Can Acupuncture help headaches?
Relieving Headaches with Traditional Chinese Medicine
Both western medicine and Traditional Chinese Medicine recognize two categories of headaches: primary and secondary. A primary headache is a clinical condition, not a symptom of another disorder. Primary headaches include tension headaches, migraines and cluster headaches. Secondary headaches are caused by other medical conditions such as sinus disease, allergies, dental disorders, head injury or brain tumors. Acupuncture is used to effectively treat primary headaches, namely tension and migraine, which are the most common.
There are a variety of different types of headaches, both primary and secondary. These include the following:
Tension headaches, which occasionally affect most people, are the most common type of headache. They are recurrent headaches, and can last anywhere from minutes to days. These headaches are experienced as a dull pressure, mild or moderate in severity.
Migraine headaches are usually one-sided, pulsating or throbbing, and moderate or severe in intensity. They can be worsened with activity and may be associated with nausea and/or vomiting, as well as sensitivity to light or noise. Some patients also experience auras, a neurological symptom that develops gradually over 5-20 minutes. The patient may see brief flashes or waves of light, or changes in their vision. Other common features of auras include vertigo, imbalance, confusion and numbness.
Headaches occurring every day or almost every day are referred to as chronic daily headaches or rebound headaches. Sometimes they resemble tension headaches, and at other times, migraines. The overuse of pain medications can result in aggravating headache patterns.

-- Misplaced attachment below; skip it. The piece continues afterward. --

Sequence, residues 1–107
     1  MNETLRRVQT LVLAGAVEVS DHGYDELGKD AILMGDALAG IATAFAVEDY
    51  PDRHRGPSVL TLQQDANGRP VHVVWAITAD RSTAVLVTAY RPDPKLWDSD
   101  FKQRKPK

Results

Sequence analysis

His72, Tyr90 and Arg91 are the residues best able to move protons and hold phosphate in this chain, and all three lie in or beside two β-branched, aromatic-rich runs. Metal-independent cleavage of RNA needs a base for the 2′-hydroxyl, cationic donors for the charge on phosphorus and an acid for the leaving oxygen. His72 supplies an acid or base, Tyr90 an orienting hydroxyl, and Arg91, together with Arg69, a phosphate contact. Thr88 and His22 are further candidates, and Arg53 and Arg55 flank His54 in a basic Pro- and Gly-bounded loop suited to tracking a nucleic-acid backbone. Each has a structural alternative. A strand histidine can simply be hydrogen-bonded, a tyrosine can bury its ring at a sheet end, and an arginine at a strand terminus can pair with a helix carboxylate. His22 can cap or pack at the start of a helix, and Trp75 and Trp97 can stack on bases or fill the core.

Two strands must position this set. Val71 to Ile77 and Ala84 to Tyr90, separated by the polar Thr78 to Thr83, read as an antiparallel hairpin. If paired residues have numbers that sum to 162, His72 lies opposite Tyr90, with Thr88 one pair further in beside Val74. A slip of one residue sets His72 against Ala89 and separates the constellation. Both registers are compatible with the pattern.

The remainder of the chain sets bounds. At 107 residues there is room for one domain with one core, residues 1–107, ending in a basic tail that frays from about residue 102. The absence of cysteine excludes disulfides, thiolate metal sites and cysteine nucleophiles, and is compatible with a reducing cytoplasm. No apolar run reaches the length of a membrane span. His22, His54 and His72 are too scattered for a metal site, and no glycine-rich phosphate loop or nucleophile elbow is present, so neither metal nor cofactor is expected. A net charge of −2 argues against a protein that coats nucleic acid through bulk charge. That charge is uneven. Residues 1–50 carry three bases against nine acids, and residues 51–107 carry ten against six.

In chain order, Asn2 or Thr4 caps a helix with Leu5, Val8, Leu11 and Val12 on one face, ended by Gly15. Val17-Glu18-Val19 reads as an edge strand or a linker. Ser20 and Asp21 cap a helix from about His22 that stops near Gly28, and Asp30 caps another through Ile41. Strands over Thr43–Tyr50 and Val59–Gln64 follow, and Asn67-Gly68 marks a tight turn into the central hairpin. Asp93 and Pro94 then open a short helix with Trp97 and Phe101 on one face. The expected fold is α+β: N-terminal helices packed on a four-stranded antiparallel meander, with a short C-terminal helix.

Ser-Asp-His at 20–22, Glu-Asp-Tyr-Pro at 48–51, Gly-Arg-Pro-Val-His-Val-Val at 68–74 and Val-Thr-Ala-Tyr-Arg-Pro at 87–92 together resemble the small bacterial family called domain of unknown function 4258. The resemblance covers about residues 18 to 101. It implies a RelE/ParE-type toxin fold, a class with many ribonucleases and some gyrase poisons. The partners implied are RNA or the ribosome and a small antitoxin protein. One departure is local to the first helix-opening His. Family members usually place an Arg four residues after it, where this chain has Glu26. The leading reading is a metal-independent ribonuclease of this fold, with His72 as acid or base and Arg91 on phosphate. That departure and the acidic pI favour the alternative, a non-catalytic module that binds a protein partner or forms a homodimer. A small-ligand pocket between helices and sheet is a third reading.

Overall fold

Some headaches may be signs of a serious medical condition. These include headaches after trauma, headaches in the elderly, or headaches with any of the following symptoms:
- Vomiting without nausea
- Severe dizziness
- Extreme neck pain
- Sudden onset
The Autonomic Nervous System and Headaches
The functioning of all of our internal organs is regulated by an involuntary nervous system known as the autonomic nervous system (ANS). The ANS has two primary divisions: the sympathetic and parasympathetic nervous systems. The sympathetic nervous system is responsible for activating the "fight or flight" response characteristically engaged in stressful situations. The parasympathetic system opposes this response by activating the restful state and causing the relaxation response. Prolonged periods of stress can induce a chronic state of hyper-sympathetic activity and/or suppressed parasympathetic response results as the body gradually shifts to an increased sympathetic response. Such a state can lead to neck and upper back rigidity and stiffness, heaviness behind the eyes, and tension headaches, as well as anxiety, irritability, and digestive problems such as bloating and constipation.